Book Notes: Theological Territories, chapter 7

Theological TerritoriesTheological Territories:
A David Bentley Hart Digest

by David Bentley Hart
Release date 4/15/2020
by University of Notre Dame Press


I’m posting here notes on each the 26 essays comprising this book.

1. The Gospel According to Melpomene
2. Remarks made to Jean-Luc Marion regarding Revelation and Givenness
3. What is Postmodern Theology?

4. Martin and Gallaher on Bulgakov
5. Remarks to Bruce McCormack regarding the Relation between Trinitarian Theology and Christology
6. The Devil’s March: Creatio ex Nihilo, the Problem of Evil, and a Few Dostoyevskian Meditations

7. Tradition and Authority: A Vaguely Gnostic Meditation

I thoroughly enjoyed this chapter, brilliantly expressing DBH’s dynamic view of Tradition, so much needed in our Churches today. A balanced view that keeps the essentials of the past to go forward.

We often lack the “ability to distinguish between genuinely enduring truths and mere tenacious conventions.”

To me this is rather on the order of cherishing a desperate nostalgia for a debilitating case of jaundice that one vaguely recalls from childhood.”

As you can see DBH’s humor can be quite direct sometimes!

With “this sort of traditionalism”, …we tend to “mistake nostalgia for piety, and intransigence for principle.”

The very concept of “tradition” is arguably incorrigibly equivocal. At least, it entails a certain necessary ambiguity regarding what kind of continuity it is meant to describe: in one sense, what is at issue is the continuity of unalterable practices and immutable beliefs, as preserved by the community to which they give shape; in another sense, however, it is the continuity of a dynamic process, one that accommodates ceaseless alteration without taking leave of the original impulse or truth that this process supposedly enucleates over time.

This is the essential question:

whether there can possibly be any account of that tradition capable of holding what is unalterable and what ceaselessly changes together in a single consistent and plausible unity,

Thus can we see the difference between a living tradition or “true tradition and decadent traditionalisms.”

There are always two poles to hold to:

these two poles— a tradition’s original moment and its subsequent historical unfolding— legitimate one another reciprocally and inseparably.

And the balance is all the more difficult to reach that the essential element is invisible:

whatever it is that is most vital to a tradition—whatever force or substance sustains it as a continuity amid incessant change— must also be that which is most inconspicuous, even invisible.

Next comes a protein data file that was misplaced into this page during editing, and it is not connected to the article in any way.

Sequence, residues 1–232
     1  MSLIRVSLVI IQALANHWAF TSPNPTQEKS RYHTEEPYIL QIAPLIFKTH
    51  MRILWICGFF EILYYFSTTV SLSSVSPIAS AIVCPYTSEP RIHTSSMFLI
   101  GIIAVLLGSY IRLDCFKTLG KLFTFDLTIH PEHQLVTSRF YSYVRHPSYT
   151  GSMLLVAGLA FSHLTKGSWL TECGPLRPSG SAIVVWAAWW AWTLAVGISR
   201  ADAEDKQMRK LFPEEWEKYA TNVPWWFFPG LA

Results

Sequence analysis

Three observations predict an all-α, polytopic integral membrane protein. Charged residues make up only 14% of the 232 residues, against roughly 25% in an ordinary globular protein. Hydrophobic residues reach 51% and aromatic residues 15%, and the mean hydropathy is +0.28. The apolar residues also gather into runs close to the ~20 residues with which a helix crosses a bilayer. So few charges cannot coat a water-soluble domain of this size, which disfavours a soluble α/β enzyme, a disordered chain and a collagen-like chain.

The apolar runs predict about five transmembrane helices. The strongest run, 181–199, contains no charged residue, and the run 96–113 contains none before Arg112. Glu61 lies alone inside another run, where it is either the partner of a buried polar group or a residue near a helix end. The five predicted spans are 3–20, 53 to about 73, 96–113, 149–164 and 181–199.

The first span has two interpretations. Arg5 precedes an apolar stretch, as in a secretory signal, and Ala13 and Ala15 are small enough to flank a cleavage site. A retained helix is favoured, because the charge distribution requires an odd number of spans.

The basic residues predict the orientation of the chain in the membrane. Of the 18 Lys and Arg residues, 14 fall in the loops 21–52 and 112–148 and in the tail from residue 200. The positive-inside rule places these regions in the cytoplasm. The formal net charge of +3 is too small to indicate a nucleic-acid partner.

something that silently abides amid change, the constantly inexpressible within each transitory expression, it could neither tantalize the new into existence nor banish the old to oblivion. How one knows this invisibility, however, is difficult to describe.

Another way to express what’s at play:

the divine fullness that in its infinite simplicity is hospitable to limitless expressions but reducible to none.

Only that always more urgent yet always invisible impulse can free the faithful mind from the appeal of mere transient historical attachments and inspire it, however mysteriously, to correct aberrations and deformities within the tradition. Admittedly, faith’s knowledge of that hiddenness is at most a kind of unspoken awareness of something that can never be exhaustively translated into simple concepts or words;

As often as not, there is nothing so truly new as our “ancient” traditions.

Theological traditions remain vital only insofar as they are, in any age, in the process of being reconstructed. This means that every established doctrine requires restatement in formulations that preserve the received teaching precisely by subtly but continuously refashioning how it is to be understood. And these formulations must be feats of recollection, of critical imagination, and of inspired invention all at once—principled constructions poetically shaped in the present, from the testimony of the past, in the light of an indeterminate future.

How to find the hermeneutical tools to reach this aim, “at once a synthesis and an innovation”?

The hermeneutical labor needed to understand any tradition requires disruption no less than stability, “progressive” ambition no less than “conservative” prudence, because it is only through the play of tension and resolution, stability and disintegration, that that which is most imperishable in a tradition can be fitfully perceived, or at least sensed.

Tradition is in a sense the diachronic complement of ritual’s periodic synchrony; it is history as always inflected by a force from outside time’s continuum: history moving forward but with each of its moments bearing an oblique stress that pulls it toward something not confined to time. It is for this reason that no living tradition can be properly understood merely as a precious inheritance to be protected and curated.

A tradition’s life is this irrepressible apocalyptic ferment within, beckoning us simultaneously back to an immemorial past and forward to an unimaginable future.

Perhaps tradition comes to us instead as an entirely gracious invasion of history, shattering the walls of our prison: a gift awakening us (if we will listen) to the knowledge that the emptiness, the kenoma, of bare history is not our true home, and that our true story comes from— and must finally be told—elsewhere.

Note to self: reread Basil of Caesarea’s On the Holy Spirit.



Have you been experiencing DBH”s view of Tradition in your own Church?

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